The Top 10: Indian English Words

The most evocative and unexpected words of Indian origin

John Rentoul
Saturday 17 March 2018 10:42 GMT
Juggernaut: originally a huge wagon bearing a Hindu god
Juggernaut: originally a huge wagon bearing a Hindu god (Getty)

We did Yiddish Words four years ago, which prompted Alan Robertson to suggest Scottish Words last year, which I described as “the best of the vocabulary of one of the countries of my childhood”. Alan also suggested this list, of words originating from the other country of my childhood.

1. Bungalow: Patrick Kidd was told as a child it was so called because they bunged a low roof on it, but actually it just means a Bengal-style house. Baghwallah added: “In British English it means a single storey, small dwelling, whereas on the subcontinent it suggests a grand house. Cot is a similar case: a normal Indian bed is a baby’s crib in British English.”

2. Cushy: from the Urdu for pleasure. Nominated by Ian McRobert.

3. Doolally: from the Indian town of Deolali, which had a military sanatorium. Nominated by Alan Robertson, Elizabeth Wilkins, Elvin Mullinger and Bruce Napier.

4. Juggernaut: originally a huge wagon bearing a Hindu god. Thanks to Robert Boston.

5. Prepone: by analogy with postpone, meaning to bring something earlier in time. “No real British equivalent,” noted Niall Litchfield. This is really an Indian English word, rather than an English word of Indian origin, but I like it.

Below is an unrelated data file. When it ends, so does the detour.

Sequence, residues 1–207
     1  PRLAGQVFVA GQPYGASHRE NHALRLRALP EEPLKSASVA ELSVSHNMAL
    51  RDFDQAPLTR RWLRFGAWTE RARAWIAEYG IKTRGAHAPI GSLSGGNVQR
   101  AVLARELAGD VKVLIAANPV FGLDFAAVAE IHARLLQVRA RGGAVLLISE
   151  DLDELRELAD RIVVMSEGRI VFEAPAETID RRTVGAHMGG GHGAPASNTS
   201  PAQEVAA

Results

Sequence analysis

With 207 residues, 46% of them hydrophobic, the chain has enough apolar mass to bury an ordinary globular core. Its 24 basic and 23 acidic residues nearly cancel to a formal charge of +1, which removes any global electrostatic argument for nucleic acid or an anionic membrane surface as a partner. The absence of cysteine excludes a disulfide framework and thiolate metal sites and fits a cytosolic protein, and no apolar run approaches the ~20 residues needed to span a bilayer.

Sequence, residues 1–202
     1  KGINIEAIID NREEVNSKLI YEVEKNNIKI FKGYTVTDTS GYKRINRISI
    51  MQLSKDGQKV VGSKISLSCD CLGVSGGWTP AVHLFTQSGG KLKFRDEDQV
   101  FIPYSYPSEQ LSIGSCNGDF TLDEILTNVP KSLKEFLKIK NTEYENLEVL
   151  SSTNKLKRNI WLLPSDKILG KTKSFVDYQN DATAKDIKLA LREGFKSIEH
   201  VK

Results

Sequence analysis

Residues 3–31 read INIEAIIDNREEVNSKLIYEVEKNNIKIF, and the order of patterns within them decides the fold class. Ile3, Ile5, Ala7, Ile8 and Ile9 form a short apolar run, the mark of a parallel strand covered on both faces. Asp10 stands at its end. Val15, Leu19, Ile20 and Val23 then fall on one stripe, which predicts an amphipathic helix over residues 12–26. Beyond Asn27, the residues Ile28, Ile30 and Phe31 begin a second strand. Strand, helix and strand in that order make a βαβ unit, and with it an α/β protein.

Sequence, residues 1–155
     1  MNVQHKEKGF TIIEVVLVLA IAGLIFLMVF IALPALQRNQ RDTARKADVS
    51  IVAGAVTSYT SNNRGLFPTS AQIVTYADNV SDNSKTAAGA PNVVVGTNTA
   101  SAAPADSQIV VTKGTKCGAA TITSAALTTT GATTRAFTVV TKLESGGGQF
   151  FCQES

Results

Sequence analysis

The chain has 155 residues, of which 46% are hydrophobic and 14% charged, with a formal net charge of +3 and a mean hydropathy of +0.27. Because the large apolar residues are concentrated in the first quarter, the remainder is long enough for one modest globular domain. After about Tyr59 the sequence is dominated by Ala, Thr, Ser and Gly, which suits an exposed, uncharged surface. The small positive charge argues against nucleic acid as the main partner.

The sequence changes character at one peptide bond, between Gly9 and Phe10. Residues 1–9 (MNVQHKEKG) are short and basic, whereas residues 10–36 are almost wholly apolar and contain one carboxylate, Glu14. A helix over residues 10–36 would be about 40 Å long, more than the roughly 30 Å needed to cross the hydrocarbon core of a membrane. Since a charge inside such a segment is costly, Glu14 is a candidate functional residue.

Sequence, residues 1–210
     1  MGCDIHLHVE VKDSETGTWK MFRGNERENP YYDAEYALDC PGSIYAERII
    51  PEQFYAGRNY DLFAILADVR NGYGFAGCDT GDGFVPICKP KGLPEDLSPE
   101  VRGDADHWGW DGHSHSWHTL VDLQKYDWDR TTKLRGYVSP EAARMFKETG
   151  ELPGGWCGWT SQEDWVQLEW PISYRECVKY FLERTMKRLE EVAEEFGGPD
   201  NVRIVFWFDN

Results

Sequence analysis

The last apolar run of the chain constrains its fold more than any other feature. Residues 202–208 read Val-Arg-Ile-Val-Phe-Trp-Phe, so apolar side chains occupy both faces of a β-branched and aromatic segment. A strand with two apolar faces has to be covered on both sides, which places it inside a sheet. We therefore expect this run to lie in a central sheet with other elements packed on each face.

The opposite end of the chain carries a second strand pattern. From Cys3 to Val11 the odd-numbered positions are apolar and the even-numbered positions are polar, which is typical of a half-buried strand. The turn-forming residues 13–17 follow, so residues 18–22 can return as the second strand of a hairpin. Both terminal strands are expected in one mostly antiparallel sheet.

6. Pukka: genuine, respectable. Hindi pakka, “cooked, ripe, substantial”. The opposite of pukka is cutcha, pointed out Robert Fenner.

7. Punch, as in the drink, because it had five ingredients. I can still count to five in Hindi: ek, do, teen, char, panch.

8. Pundit and guru: “Would a current affairs researcher who excels at finding experts become known as a pundit guru? Maybe I should consult someone with strong opinions on these things, like a guru pundit,” said Alan Robertson.

9. Pyjamas: Urdu pay, leg, and jama, clothing. Thanks to Graham Kirby. Toby Lloyd added dungarees (from Hindi dungri, cloth), and asked: “Why all the trouser synonyms?”

10. Thug: “Originally a member of the cult of Thuggee, robbers and murderers who worshipped the goddess Kali, roaming the country to find and then dedicate victims to her,” said Robert Boston.

Dinghy and shampoo had already featured in a supplement to one of my stranger Top 10s: words that seem to come from one language but actually come from another.

That list also included veranda, which I ruled out of today’s Top 10 because it comes from Portuguese (via India). Blighty was also disallowed: it is an alteration of Urdu bilayati, wilayati, “foreign, European”, from Arabic wilayat, wilaya, “dominion, district”.

Paul T Horgan drew to my attention the Hobson-Jobson dictionary of Anglo-Indian words, 1886, which has been made available in full by the Internet Archive, which is, as he said, “an invaluable repository of knowledge akin to the Great Library of Alexandria”.

Next week: songs on albums that don’t sound like the others, such as “Interstellar Overdrive” from Pink Floyd’s Piper at the Gates of Dawn

Coming soon: unrealistic clichés in TV dramas, such as someone leaning against a door after closing it.

Your suggestions please, and ideas for future Top 10s, to me on Twitter, or by email to

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